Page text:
Beijing rolls out a new set of numbers and ups its recycling goals

Nov 11, 2005 | 08:10 AM | Kevin Foster

China is planning reforms of its secondary metals sector that could double domestic production during the next five years. But imports are likely to remain a key part of the mix for years to come.

Few details of the legislation are known, but lifting the output of secondary copper and aluminum is crucial to Beijing's plan to reduce energy use and pollution, government and industry officials said at a secondary metals forum in Guangzhou, southern China, last week.

The new legislation looks set to benefit China's scrap industry leaders, Ningbo Jintian Copper Group Co. Ltd. and Shanghai Sigma Metals Inc., but Beijing's desire to increase the recycling of metal also means that imports will play an important role for years to come.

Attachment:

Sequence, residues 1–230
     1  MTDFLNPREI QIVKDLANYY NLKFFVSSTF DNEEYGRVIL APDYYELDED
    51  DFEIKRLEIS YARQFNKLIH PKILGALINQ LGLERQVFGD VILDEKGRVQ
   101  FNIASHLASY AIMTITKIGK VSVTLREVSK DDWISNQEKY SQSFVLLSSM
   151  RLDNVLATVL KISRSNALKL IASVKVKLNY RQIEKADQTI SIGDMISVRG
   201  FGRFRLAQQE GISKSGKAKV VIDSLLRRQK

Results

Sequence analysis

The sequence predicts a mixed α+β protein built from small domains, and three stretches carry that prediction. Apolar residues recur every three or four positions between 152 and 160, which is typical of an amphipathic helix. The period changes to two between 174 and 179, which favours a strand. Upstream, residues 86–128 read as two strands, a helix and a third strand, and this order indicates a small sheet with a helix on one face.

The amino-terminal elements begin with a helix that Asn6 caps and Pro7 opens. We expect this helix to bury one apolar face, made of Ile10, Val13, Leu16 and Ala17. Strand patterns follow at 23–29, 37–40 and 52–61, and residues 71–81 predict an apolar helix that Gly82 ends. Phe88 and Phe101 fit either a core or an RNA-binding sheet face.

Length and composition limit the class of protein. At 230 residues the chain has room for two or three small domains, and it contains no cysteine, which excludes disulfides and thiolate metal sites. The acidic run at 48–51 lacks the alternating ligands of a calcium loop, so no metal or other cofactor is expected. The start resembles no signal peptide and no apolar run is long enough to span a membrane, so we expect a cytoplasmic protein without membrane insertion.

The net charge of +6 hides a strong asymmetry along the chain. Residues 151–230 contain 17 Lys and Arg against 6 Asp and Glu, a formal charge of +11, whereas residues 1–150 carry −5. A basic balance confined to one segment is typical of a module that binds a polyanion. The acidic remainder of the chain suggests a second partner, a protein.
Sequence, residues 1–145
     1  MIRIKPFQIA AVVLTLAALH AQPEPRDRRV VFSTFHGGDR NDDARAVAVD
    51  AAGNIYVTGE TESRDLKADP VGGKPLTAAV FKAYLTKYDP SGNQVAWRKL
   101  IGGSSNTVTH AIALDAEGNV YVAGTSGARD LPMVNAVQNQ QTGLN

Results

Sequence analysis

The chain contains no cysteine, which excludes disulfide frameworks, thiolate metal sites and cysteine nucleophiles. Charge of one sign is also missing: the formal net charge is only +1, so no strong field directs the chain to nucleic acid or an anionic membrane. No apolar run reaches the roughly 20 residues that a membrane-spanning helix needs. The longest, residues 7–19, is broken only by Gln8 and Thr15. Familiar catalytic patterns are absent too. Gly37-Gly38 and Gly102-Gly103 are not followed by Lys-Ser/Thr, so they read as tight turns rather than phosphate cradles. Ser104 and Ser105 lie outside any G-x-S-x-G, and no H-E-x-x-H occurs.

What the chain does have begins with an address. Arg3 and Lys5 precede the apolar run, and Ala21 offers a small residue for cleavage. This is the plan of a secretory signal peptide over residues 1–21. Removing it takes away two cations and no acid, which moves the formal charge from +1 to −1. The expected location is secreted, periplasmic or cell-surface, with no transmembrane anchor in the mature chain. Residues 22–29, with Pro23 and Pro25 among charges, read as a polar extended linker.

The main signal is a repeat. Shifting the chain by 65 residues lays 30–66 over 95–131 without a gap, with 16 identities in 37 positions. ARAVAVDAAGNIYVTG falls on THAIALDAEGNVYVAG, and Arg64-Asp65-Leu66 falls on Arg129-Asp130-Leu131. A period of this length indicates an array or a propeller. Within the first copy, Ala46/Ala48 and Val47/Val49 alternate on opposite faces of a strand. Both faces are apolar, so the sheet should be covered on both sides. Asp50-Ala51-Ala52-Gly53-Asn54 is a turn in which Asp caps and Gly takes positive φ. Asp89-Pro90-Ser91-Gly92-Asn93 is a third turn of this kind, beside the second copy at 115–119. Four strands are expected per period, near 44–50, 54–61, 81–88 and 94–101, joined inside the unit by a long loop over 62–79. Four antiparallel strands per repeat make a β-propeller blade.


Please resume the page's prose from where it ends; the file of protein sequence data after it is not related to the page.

"We have agreed to speed up the legislation process (and) we are focusing on industries with a high consumption of energy and water," Sun Youhai, a director at the environment and resources protection commission at the People's Congress, China's top legislative body, said. Laws should be passed within "a few years," he added.

The government plans to increase domestic production of secondary copper by 33 percent to 560,000 tonnes in 2010 from an expected 420,000 tonnes this year, Wang Gongmin, vice president of the China Nonferrous Metals Industry Association (CNIA), said.....





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